Second stop, Camp JL - young orphaned orangutans 5 year old Nyunyu (left) and 3.5 year old Mona (right) playing in the trees.

The next stop was Camp JL to check on Adib and see how his arm was healing and to see Mona, Nyunyu, Timtom and Boy.

Camp JL- 3.5 year-old female orangutan Timtom, January 2019.

Camp JL- 3.5 year-old female orangutan Timtom, January 2019.

The only access to the release camps is by river and so Dr Dimas and Pak Azhari headed off to their final camp of the day, Camp Gemini . Half way through their journey they came across a longboat with an unexpected passenger!

Female orangutan, Sheila in Camp Gemini’s longboat.

Female orangutan, Sheila in Camp Gemini’s longboat.

Adult female orangutan Sheila and her infant Sony, had untied and taken the longboat, belonging to Camp Gemini, and were using it to cross the river. Sheila was in no hurry to leave the boat but eventually they climbed out onto the river bank and up into a tree. Azhari and Dimas managed to tow the longboat back to Camp Gemini, where the relieved team of Camp Gemini staff were waiting. They’re devising another way to prevent these highly intelligent great apes from taking a boat again!

Caught on camera, but who did it? Orangutan, bear, deer or pig?

Camera traps are a window into the fascinating and private lives of wildlife. Maintaining and keeping the cameras working in the hot humid and damp conditions of a rainforest is an ongoing challenge. Battling the elements is something our researchers are prepared for but they were shocked to find that one of the camera traps had been severely damaged, torn apart and discarded broken, 2 meters away from its original position. Who had done this?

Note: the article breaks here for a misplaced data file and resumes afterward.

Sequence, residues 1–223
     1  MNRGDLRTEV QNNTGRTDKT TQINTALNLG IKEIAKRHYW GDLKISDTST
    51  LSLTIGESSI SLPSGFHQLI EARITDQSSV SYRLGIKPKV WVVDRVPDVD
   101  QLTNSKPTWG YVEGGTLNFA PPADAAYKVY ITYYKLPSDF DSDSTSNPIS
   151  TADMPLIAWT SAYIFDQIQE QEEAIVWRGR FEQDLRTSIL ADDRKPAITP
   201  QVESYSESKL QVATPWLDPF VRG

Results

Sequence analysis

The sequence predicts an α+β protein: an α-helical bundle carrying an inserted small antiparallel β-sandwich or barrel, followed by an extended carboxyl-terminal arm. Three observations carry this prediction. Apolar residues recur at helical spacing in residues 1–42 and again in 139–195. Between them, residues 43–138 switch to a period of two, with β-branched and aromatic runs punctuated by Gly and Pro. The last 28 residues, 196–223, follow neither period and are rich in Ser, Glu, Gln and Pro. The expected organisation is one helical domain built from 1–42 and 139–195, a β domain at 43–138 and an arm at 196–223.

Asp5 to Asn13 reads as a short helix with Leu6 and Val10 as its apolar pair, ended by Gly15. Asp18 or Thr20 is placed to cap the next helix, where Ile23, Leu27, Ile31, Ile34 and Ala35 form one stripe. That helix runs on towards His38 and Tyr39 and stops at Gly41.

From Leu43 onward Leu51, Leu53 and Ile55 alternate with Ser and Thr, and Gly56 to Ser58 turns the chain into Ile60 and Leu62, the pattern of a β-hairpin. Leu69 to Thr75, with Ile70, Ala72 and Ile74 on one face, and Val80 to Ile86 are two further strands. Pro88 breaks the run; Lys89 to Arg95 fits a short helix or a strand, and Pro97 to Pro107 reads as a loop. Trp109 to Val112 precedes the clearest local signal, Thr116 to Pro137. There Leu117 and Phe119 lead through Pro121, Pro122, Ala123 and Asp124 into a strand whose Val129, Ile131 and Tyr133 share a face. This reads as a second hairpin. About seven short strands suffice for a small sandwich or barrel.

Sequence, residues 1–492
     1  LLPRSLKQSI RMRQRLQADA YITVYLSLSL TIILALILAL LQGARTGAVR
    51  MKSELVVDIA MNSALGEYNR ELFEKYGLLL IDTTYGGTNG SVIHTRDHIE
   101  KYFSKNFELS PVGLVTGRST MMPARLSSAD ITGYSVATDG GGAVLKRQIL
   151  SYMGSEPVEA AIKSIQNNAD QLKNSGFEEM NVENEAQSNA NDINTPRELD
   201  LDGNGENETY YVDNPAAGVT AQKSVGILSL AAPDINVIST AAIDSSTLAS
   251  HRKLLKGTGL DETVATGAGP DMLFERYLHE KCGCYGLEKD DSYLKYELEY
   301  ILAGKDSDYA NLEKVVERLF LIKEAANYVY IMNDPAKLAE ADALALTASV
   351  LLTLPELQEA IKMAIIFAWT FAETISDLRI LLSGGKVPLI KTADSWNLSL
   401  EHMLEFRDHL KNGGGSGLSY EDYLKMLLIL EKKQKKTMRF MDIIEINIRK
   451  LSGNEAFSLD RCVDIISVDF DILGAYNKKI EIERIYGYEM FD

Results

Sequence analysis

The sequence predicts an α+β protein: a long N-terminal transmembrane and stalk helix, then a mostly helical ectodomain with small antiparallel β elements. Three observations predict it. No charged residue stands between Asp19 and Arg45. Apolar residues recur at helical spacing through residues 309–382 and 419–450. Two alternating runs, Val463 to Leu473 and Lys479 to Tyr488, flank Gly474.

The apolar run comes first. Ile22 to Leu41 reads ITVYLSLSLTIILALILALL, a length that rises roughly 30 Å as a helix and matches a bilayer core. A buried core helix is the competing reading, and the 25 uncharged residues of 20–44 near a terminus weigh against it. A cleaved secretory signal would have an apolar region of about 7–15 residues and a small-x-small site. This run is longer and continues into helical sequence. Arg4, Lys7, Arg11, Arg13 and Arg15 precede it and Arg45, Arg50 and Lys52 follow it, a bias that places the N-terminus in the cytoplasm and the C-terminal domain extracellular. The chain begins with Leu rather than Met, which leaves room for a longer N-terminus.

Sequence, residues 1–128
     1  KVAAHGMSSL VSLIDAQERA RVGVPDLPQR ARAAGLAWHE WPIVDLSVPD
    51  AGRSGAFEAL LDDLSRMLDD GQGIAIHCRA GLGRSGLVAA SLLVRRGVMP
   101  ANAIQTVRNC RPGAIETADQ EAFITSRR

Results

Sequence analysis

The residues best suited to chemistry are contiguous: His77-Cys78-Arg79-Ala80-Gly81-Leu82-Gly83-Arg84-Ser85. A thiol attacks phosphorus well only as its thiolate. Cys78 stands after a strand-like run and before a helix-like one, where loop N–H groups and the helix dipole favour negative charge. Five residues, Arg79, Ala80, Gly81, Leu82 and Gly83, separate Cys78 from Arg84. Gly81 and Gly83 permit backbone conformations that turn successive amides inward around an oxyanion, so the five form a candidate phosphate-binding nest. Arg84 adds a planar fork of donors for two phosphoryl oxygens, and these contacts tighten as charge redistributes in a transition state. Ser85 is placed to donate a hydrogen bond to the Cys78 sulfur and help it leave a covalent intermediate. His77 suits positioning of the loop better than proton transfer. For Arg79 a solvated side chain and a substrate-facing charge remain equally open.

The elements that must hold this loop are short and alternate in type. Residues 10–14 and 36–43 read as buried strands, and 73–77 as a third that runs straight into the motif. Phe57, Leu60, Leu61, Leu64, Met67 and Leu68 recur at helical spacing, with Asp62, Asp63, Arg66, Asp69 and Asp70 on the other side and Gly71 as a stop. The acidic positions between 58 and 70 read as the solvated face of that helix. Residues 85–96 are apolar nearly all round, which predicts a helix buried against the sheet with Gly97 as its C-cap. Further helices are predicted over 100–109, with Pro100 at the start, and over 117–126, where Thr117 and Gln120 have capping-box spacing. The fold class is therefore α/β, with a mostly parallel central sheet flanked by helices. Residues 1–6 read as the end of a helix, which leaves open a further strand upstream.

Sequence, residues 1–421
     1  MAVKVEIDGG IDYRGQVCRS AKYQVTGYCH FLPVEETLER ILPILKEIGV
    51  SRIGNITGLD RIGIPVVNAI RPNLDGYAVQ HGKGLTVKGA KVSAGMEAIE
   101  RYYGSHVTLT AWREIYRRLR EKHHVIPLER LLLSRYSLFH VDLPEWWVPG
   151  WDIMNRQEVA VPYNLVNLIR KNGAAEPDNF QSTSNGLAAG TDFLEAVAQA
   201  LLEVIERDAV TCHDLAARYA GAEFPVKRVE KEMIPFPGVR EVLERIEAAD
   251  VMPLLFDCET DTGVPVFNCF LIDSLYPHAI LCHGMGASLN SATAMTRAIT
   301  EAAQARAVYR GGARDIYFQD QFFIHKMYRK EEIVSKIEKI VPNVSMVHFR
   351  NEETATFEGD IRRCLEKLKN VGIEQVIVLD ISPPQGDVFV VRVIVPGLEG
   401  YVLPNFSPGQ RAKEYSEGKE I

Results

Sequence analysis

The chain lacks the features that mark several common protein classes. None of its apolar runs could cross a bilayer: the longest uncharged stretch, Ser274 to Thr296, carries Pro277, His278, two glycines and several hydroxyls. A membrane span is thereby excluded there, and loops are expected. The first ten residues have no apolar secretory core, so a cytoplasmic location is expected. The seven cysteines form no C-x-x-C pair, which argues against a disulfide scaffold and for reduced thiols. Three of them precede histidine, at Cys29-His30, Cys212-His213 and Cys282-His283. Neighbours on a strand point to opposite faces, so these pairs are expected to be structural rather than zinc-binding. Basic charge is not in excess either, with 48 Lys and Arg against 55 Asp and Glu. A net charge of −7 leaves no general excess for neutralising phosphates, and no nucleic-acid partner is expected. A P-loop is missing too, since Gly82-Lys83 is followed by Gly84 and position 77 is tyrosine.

Damaged camera trap

Damaged camera trap

What the culprit hadn’t realised was that the data before the incident was undamaged and so our researchers could look back and see who had been out and about! Their suspects were orangutan, sunbear, deer and wild pigs.

Orangutan

Orangutan

Sun bear

Sun bear

Was it a deer?

Was it a deer?

Wild pig

Wild pig

On closer examination there were bite marks on the camera and it had been pulled off the tree. A sun bear could pull it off but there weren’t any claw marks and these would be evident. We suspect it must have been an orangutan. They are a highly intelligent and curious species and this is why it probably wanted to inspect the unusual device it found in its forest home. This is alone is a reason we need to continue to find out about them and work to conserve them.